Did weak laws lead to child's death?

June 12, 2008 5:13:34 PM PDT
There are lingering questions in the beating death of 3-year-old Kyle Smith. Could the overworked child welfare system have done more to protect little Kyle? The guardian who was supposed to care for him instead is charged in his death, along with her boyfriend. Now, there are calls for tougher laws to protect other kids.

The Investigators' Jim Hoffer has more on the heartbreaking case.

Banks have no problem tracking someone's credit history, no matter how many times they've moved. But a child abuser moves to another state, and his or her history stays behind.

That's exactly what happened in this case. An abusive past was kept hidden by weak laws and inaction by politicians, who could have strengthened them.

When Nymeen Cheatham applied to the courts for guardianship of Kyle Smith, ACS did an investigation of the home and found it "in order and the child happy and healthy." Kyle's mother believed her son was in good hands, too.

"This is somebody that he saw everyday that took him to the store and bought him candy, bought him juice and bought him clothes," mom Gina Holmes said. "So of course he was happy with her."

Eight months later, Kyle was dead and Cheatham and her boyfriend arrested for the killing. What the ACS visit failed to find out was that the woman caring for Kyle had given up custody of four of her own children following a neglect investigation in Texas.

"The Smith child should have not died," state senator Carl Kruger said. "The system should have identified those bad adoptive surrogate parents and should have kept them out of the system."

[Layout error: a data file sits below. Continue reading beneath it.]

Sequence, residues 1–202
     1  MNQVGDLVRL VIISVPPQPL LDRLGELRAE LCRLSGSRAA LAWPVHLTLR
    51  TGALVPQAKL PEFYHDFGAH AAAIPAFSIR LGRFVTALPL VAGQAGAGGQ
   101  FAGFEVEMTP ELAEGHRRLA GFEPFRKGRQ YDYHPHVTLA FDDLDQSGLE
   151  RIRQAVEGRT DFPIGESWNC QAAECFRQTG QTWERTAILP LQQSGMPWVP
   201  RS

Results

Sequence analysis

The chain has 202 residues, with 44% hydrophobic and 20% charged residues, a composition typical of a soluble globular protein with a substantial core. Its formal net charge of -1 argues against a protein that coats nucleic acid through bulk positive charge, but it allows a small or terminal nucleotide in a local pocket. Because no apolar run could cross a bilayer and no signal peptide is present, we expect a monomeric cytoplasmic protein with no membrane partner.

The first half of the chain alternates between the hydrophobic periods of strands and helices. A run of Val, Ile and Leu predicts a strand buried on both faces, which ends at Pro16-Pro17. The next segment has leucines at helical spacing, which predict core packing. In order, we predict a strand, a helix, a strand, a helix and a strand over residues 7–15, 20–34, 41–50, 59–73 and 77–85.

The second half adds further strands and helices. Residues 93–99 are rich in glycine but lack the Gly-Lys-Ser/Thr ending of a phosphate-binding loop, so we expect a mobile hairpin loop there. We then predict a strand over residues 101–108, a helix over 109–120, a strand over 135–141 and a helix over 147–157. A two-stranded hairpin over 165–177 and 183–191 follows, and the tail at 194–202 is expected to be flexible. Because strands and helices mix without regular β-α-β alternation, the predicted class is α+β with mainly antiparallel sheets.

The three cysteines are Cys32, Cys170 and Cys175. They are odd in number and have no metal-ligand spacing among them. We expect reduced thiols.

But under New York state law, ACS is not required to do out-of-state background checks in guardianship cases. Kruger has been fighting for three years to change that. His bill would require criminal background and child abuse screenings in non-parent custody cases in any state during the past five years.

"People who have done bad or done wrong will no longer be able to go to another state and find themselves in a safe haven," Kruger said.

In a statement to Eyewitness News, ACS says that in the Kyle Smith case, "The caseworker did not know that Cheatham had children in Texas removed from her. ACS has issued a high-level review of the court ordered investigation...to see how this process can be strengthened."

"Who failed that child, I don't know," Kruger said. "But I have to and everybody that is part of government has to accept shared responsibility, and we have to begin today anew to try and change that process."

State lawmakers have approved money for software that would eventually allow ACS to gather child abuse custody data from other states. But that's at least a year away, and who knows how many other Kyle Smiths are out there in unsafe homes.

"Nine months ago, I left my son with her," Holmes said. "Now, he's not here. And it hurts."

When Cheatham stopped pursuing custody, the court dismissed the case. And ACS, having no abuse or neglect complaint against her, closed the case as well.


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